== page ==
'Guardian Angels' Help Reduce Suicides in Spain Prisons

by VR Sreeraman on  December 19, 2009 at 1:06 PM Mental Health News   - G J E 4
Jesus, a 40-year-old inmate in Leon prison in northern Spain, said he lost the will to live after his girlfriend died last month.
 'Guardian Angels' Help Reduce Suicides in Spain Prisons
'Guardian Angels' Help Reduce Suicides in Spain Prisons

It was the intervention of four of his fellow prisoners who may have prevented his suicide, "guardian angels" who watched over him day and night, sleeping in the second bed in his narrow cell.

"Sometimes, their mere presence made me feel better," said Jesus, who is serving a 30-month sentence for armed robbery. "I don't know if, without them, I would have killed myself, but I had that idea in my head."

The "angels" are part of a four-year-old nationwide programme aimed at preventing prison suicides, in which prisoners are trained by psychologists to watch over any of their fellow inmates who appear to be at risk.

The programme is credited with cutting the number of prison suicides in Spain from 40 in 2004 to 19 last year.

And several countries have expressed interest in copying it.

At Leon prison "we have had no suicides for almost four years, while previously the annual average was two per year," said prison director Jose Manuel Cendon.

The facility, which houses about 1,800 inmates including some 100 women, has around 20 inmates in the programme, trained to listen attentively to their charges and watch for the slightest change in mood.

"We need motivated people who display great self-control, good listening skills and the ability to forge an emotional connection with the inmate in need," said Goyo Jular, a prison psychologist.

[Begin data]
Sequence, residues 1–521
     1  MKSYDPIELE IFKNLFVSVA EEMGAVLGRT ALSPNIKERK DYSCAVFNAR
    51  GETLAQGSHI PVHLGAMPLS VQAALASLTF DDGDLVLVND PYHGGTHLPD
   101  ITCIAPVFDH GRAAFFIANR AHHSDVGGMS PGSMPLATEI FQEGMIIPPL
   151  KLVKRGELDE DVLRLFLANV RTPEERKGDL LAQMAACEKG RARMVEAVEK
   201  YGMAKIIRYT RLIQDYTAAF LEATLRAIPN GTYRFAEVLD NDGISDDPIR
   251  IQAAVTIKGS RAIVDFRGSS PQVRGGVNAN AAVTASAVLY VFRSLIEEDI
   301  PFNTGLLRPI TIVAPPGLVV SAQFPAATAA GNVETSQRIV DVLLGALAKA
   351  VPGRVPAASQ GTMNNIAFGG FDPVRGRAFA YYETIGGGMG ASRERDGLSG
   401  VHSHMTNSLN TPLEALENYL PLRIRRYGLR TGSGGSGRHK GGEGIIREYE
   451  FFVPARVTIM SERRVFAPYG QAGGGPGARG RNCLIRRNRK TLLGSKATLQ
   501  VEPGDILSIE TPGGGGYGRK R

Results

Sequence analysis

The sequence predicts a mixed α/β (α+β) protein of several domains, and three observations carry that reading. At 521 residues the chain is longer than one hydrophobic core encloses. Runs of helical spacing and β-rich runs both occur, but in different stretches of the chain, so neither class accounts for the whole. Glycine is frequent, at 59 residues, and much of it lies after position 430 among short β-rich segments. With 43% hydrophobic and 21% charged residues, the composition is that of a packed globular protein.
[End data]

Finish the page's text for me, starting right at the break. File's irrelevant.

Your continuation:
"Their work is vital as they are with them constantly, they provide constant monitoring."

They also learn the basics of first aid "just in case", said one the "angels", Juan, 43, who is serving 10 years for drug trafficking.

He takes his job very seriously.

"We try to make them live with us in the same cell, where they open up more, it helps to communicate with them," he said. "We do everything we can to help them forget their problems."

According to the psychologist Jular, the "angels" themselves also gain from the experience.

"They gain recognition and it helps them carry out their sentence in a positive way," as well as sometimes winning them benefits and remission.

The prison managers are now considering adapting the programme for its units housing dangerous inmates.

For Jose Maria, who for several months was withdrawn and depressed, the "angels" are a "gift from heaven".

"When I came to prison I needed a guardian angel because I had never set foot in a prison before. I committed a reprehensible crime and the guilt was enormous," the inmate, who is serving 25 years for murder, said timidly.

Source: AFP

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